Asexual reproduction, on the other end, represents offspring propagation from somatic cells, including deviation of the sexual pathway by avoidance of meiotic recombination. The latter has been infrequently observed in some Eukaryotes, and is considered to be disadvantageous in a population in the long run impeding adaptation, since deleterious mutations may accumulate in the absence of meiotic recombination due to Muller’s Ratchet (Muller, 1964; Charlesworth, 2006), as experimentally documented in yeast (McDonald et al., 2016). Despite the popular views of Fisher (1930) and Muller (1964), the dynamics of adaptation in asexual populations has constantly been debated. For instance, ‘clonal interference’ theory postulates that many single beneficial mutations of varying effect contend for fixation in a two-loci model in asexuals (Gerrish and Lenski, 1998). Kim and Orr (2005) could not see that sex could be advantageous over asexuality, when multiple beneficial mutations are involved in a finite population. Multiple-mutations model of (Desai et al., 2007) assumes that all clonal mutations are of the same beneficial effect and that clonal competition between clones bearing different numbers of beneficial mutations might occur among genotypes. The problem here is that superior clonal competitors might not emerge under the assumption that beneficial mutations are of the same effect. An addendum to the latter (Sniegowski and Gerrish, 2010) discussed that asexual populations might harbor mutations of different effects, and that competitions might arise between clones that bear multiple beneficial mutations. Adaptation rate in these populations should, however, assess both beneficial and deleterious mutations, population bottlenecks, and clonal interference (Campos and Wahl, 2010). Summarizing the old and new population theories, evolution of asexuality could often be associated with genetic conflicts deviating from a faithful sexual meiotic program, and asexuals could suffer from reduced fitness and an increase in genetic drift, but the population size and the number of mutations and their interactions might play a lead role in deciding whether or not clonal populations are advantageous.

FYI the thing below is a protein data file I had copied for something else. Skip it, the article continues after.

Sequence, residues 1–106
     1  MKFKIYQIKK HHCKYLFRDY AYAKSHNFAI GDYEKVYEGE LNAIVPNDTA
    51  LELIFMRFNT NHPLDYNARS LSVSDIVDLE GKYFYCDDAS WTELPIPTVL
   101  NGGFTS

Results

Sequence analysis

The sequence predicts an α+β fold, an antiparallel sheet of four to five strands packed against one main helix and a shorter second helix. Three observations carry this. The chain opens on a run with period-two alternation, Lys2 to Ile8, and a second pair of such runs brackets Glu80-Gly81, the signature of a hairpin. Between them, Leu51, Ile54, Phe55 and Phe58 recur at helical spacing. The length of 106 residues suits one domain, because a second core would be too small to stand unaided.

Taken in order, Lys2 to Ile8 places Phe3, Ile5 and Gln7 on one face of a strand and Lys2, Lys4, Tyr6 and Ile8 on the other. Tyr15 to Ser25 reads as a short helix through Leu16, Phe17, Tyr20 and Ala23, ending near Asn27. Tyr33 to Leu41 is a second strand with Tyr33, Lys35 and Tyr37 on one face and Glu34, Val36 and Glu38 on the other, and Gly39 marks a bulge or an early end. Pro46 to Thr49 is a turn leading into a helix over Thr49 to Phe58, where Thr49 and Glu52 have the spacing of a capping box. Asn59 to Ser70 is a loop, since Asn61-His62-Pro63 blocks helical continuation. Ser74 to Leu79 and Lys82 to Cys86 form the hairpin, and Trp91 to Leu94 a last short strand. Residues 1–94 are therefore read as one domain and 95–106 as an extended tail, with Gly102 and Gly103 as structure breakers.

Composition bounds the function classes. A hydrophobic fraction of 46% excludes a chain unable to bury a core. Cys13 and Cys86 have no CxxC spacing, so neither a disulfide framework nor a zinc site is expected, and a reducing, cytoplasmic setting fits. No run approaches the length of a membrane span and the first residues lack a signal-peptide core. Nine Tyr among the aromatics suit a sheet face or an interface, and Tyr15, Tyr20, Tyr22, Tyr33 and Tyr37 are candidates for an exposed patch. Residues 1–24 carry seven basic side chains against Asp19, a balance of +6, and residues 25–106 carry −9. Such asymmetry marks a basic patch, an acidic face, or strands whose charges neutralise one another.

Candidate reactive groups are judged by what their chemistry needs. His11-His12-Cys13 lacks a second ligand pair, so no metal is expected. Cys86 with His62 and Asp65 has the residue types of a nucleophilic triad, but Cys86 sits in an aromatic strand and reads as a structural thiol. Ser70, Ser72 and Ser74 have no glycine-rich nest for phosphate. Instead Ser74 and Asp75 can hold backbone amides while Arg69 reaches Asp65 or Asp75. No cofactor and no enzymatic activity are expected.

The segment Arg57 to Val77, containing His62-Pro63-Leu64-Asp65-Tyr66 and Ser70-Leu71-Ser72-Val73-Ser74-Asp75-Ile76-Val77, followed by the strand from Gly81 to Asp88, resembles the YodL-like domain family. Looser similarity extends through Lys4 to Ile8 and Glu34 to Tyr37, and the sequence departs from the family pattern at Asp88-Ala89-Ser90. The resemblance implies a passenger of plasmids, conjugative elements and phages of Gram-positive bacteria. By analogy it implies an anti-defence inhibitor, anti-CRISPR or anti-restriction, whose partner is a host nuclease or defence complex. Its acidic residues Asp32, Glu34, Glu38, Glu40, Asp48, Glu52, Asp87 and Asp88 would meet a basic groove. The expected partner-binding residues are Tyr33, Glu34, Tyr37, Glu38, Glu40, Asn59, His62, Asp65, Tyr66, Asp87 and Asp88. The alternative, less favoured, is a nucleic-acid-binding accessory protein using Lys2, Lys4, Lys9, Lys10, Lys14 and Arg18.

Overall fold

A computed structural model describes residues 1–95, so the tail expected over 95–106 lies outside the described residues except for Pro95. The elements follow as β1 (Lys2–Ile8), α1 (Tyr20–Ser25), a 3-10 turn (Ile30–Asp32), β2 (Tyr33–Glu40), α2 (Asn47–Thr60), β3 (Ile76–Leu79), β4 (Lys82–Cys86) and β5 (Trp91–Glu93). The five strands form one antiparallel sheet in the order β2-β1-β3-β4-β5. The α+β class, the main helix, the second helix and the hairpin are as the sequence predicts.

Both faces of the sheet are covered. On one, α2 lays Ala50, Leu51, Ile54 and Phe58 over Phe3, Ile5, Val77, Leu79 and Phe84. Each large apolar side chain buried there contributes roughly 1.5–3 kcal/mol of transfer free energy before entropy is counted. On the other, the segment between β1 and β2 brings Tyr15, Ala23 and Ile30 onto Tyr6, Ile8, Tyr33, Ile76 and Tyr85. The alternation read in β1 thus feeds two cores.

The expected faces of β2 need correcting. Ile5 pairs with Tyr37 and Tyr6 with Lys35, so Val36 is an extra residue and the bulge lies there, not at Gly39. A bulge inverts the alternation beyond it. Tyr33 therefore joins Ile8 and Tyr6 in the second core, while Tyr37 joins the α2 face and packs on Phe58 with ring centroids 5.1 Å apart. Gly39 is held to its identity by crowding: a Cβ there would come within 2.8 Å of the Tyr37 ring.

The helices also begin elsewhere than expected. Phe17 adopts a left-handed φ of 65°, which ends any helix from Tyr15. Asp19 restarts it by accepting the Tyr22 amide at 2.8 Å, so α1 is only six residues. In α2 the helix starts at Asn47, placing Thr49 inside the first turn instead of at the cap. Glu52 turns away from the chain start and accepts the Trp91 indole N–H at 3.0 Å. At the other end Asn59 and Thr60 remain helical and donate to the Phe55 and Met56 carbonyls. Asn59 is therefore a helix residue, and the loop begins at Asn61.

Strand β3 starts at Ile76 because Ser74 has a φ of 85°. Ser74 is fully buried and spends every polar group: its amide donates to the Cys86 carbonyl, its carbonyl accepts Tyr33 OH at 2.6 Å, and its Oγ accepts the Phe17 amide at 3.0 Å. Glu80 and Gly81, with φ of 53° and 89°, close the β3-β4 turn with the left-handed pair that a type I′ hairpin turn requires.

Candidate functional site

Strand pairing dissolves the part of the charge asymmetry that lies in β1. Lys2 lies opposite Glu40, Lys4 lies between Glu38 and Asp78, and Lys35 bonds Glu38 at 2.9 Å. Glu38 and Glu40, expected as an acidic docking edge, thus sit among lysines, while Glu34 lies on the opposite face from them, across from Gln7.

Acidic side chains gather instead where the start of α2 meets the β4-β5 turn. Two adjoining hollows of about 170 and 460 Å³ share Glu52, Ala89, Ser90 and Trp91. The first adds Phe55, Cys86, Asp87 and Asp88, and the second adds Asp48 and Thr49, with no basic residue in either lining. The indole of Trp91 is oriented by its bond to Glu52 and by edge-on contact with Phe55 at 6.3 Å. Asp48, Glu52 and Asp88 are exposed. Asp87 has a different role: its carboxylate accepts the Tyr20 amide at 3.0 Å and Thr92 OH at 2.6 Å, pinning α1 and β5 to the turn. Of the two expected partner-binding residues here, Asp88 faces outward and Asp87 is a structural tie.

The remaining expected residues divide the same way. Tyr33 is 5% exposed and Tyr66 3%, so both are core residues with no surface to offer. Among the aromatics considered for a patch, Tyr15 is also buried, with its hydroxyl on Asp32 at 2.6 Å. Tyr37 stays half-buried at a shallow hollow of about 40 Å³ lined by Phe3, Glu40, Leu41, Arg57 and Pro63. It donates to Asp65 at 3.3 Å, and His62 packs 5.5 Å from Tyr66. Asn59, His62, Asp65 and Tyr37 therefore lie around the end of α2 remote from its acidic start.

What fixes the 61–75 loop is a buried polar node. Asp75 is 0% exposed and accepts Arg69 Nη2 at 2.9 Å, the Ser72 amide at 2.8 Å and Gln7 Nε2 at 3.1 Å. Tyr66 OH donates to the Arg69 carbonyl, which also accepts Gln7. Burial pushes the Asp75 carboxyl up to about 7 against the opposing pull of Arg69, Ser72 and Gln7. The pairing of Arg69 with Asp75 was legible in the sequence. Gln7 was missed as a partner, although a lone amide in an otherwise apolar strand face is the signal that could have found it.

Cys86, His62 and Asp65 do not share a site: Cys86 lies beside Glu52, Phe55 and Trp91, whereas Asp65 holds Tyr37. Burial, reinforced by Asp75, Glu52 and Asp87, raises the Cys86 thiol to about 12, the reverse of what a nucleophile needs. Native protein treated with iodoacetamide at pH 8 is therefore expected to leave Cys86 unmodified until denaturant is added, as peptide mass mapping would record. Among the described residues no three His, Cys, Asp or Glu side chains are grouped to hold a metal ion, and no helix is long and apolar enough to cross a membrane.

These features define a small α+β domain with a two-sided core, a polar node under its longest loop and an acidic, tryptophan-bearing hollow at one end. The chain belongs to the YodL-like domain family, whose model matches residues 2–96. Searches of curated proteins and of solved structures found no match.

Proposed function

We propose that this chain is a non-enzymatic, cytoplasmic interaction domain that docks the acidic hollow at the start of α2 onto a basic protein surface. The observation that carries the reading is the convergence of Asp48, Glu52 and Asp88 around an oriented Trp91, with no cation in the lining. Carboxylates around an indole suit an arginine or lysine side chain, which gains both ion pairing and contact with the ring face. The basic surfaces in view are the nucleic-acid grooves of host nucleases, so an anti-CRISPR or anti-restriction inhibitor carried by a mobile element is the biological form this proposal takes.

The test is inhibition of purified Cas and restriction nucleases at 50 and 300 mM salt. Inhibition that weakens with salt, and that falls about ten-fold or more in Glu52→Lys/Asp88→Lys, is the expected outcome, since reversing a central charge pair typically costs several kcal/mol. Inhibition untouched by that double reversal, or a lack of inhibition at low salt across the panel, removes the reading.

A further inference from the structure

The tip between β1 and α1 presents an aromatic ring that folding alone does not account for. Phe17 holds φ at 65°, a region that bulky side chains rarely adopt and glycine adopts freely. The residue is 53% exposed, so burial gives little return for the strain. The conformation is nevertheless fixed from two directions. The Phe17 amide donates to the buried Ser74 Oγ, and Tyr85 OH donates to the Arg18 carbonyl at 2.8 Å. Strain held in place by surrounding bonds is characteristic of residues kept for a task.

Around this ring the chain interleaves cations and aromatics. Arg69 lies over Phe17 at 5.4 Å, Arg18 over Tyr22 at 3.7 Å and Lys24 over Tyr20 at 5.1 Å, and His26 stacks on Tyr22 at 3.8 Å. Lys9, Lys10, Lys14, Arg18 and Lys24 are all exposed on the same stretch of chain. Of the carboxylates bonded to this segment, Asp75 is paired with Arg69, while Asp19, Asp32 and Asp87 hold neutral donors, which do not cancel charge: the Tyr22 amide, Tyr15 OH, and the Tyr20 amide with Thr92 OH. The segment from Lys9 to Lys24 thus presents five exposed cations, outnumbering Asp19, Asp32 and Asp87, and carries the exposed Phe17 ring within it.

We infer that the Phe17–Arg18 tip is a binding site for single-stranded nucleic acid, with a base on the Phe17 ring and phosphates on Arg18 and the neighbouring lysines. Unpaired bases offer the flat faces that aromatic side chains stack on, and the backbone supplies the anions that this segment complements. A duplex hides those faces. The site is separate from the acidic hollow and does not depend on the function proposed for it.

Asexual organisms do not switch ploidy cycles between generations, and asexuality is predominantly found in polyploid organisms; therefore, asexuality and polyploidy seem to be positively correlated. Meiosis fails to a large extent in polyploids, specifically in organisms with odd numbered genomes, potentially due to difficulty in pairing of greater than two chromosomes of each type (William and Barraclough, 2009). Increased ploidy level, particularly in conjunction with hybridization and resulting heterosis, enhance heterozygosity of an individual organism hence genetic variation within the population (reviewed in Horandl, 2009). All the above may lead to better tolerance of deleterious mutations due to higher number of homologous chromosomes and therefore the functional gene copies in asexuals. This view is further supported by a broader epigenetic landscape and narrow epigenetic resetting in polyploids and asexuals, for instance involving DNA methylation and small RNA pathways, and the enhanced epigenetic stability in clonal organisms might confer adaptive advantages (reviewed in Verhoeven and Preite, 2014). In addition, asexual reproduction provides short-term advantages for organisms primarily because the costs underlying the energy-consuming process of meiosis and involvement of two parents (twofold cost) are avoided (Dawson, 1995). Clonal reproduction may also be an advantage by fixing beneficial allelic combination in one organism. Extant ancient asexual species might confirm the evolutionary stability of this reproductive mode (Judson and Normark, 1996; Martens et al., 2003); however, the recent work uncovered that their evolution is based on horizontal gene transfer instead of meiotic sex (Eyres et al., 2015). It is equally important to note that most theories above utilized population or generation of microbes or fungus and/or simulations; the rate of mutation accumulation in clonal populations could as well be extremely slow in plastic organisms like plants (discussed later) across time scale and might provide advantage over sexuals in the wake of changing climatic conditions, as evident from the stable and wide-spread inter-continental occurrence of apomicts such as Taraxacum and Hieracium. Regulation of oxidative stress machinery was proposed as a switch between meiotic program as DNA repair and ameiotic reproduction in organisms with mixed (facultative) reproductive mode (Horandl and Hadacek, 2013). Nonetheless, selection of sexual versus asexual reproduction in organisms has remained an enigma and a stimulating research topic.